Print Friendly, PDF & Email
Roman bath building in Trier, in southern Germany, about 300 AD

Iron Age buildings: a Roman bath building in Trier, in southern Germany, about 300 AD

Roman buildings in northern Europe

By the time of the Roman Empire, about 1 AD, many people in Northern Europe were living under Roman rule, and their buildings began to look more and more like Roman buildings from other parts of the Roman Empire. At Trier, for example, the Roman army built a stone bridge over the Mosel river, a large bath building, a fort, and a basilica. Even outside the area held by Rome, people began to build stone buildings in the Roman style.

What’s a basilica?
More Roman architecture
Bronze Age buildings in Europe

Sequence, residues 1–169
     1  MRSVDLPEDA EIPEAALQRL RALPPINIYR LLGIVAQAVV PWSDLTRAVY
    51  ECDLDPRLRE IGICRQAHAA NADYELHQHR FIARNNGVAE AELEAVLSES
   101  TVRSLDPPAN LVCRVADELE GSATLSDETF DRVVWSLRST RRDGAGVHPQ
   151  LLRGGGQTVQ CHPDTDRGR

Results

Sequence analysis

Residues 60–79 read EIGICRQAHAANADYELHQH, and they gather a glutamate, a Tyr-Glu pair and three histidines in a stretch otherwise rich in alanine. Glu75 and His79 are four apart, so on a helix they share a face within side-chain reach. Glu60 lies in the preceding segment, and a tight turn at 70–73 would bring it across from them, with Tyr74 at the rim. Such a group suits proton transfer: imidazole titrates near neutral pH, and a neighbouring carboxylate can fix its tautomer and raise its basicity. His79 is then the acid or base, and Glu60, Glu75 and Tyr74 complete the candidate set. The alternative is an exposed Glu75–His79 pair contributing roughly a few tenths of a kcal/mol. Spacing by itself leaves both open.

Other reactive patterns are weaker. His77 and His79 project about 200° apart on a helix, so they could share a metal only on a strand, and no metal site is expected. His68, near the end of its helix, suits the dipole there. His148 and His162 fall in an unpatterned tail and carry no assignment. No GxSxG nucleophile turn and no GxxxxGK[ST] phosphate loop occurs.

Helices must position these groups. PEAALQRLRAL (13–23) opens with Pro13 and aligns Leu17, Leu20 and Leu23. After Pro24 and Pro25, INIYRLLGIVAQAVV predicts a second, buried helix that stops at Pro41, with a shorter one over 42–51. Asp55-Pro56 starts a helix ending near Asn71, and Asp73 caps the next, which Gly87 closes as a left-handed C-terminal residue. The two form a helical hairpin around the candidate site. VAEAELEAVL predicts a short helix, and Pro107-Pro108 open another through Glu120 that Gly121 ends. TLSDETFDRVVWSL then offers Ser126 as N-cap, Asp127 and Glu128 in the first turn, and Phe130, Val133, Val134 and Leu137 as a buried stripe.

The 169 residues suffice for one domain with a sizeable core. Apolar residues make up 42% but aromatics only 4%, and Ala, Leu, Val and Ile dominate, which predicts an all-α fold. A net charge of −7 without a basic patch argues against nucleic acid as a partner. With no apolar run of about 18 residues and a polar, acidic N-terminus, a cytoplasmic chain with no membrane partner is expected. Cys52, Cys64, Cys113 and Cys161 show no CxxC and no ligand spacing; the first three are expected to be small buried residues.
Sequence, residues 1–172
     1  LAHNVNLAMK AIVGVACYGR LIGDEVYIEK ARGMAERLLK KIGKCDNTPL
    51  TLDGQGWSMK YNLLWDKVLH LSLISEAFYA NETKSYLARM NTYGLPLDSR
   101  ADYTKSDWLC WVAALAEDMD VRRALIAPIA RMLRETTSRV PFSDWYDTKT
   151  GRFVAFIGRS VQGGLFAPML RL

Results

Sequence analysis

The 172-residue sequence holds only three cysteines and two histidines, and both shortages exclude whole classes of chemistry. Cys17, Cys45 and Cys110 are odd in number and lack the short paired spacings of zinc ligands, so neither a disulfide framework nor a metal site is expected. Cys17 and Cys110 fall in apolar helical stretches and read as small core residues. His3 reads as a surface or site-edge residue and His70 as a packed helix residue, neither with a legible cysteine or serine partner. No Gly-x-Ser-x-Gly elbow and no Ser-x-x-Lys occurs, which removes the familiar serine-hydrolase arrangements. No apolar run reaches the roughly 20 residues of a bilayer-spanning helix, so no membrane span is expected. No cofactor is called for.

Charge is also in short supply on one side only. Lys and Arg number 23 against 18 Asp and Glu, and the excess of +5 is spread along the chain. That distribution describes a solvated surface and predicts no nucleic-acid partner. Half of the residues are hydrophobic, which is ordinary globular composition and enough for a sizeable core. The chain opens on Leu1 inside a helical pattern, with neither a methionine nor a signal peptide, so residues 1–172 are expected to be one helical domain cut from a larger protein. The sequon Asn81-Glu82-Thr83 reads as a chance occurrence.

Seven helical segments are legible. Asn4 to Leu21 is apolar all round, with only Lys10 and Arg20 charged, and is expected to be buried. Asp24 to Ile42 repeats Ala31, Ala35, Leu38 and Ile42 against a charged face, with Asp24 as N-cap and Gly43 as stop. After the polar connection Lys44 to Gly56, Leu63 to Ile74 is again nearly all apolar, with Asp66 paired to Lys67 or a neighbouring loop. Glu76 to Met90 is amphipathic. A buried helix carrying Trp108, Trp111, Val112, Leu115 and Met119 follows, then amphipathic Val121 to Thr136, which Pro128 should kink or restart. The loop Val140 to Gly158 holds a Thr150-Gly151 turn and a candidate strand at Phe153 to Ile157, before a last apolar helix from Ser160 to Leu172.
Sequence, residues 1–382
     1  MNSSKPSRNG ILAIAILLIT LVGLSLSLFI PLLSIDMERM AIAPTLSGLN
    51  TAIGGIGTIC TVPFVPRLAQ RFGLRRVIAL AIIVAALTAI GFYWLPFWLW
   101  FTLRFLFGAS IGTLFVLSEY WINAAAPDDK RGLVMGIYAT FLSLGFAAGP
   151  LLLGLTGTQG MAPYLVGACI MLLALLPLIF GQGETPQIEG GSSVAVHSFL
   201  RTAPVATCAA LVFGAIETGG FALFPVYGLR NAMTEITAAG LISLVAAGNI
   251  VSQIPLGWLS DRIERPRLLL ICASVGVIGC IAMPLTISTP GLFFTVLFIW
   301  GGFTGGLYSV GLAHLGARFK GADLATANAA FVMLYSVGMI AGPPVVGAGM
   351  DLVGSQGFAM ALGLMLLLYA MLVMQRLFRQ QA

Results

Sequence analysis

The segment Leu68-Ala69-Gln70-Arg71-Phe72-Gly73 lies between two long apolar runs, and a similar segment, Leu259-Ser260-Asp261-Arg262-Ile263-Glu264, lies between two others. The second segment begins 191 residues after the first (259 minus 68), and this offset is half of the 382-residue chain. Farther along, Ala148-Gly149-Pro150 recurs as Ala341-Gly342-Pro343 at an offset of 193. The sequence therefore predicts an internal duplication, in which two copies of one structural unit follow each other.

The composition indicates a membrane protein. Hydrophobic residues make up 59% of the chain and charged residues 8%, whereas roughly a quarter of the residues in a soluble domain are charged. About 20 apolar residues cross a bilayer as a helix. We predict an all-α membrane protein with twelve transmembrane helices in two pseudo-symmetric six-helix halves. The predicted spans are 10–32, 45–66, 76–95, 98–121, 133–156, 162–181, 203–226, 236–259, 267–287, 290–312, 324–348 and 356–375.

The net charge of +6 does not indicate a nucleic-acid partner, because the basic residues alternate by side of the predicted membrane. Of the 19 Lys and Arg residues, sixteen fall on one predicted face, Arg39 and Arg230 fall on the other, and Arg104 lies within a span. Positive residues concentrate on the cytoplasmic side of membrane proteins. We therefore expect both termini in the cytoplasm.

Iron Age art in Europe
Iron Age Northern Europe
All our Northern Europe articles

 

Saxon house from Tofting on the North Sea, about 300 AD

Iron Age houses in Europe

But most people still lived in rectangular wooden houses. A normal Saxon house from Tofting on the North Sea from about 300 AD has two rows of wooden posts running down the middle to hold up the roof. The outer walls are still of wattle and daub. One end of the longhouse was for people to live in, and the other end was often for the cows and sheep and pigs.

History of houses
Where do pigs come from?
Iron Age timeline

Learn by doing: what do people build houses out of near you? Are most houses wood or stone or brick? Walk around and see.
Medieval German architecture

Bibliography and further reading about Northern European buildings:

More about Northern Europe
Quatr.us home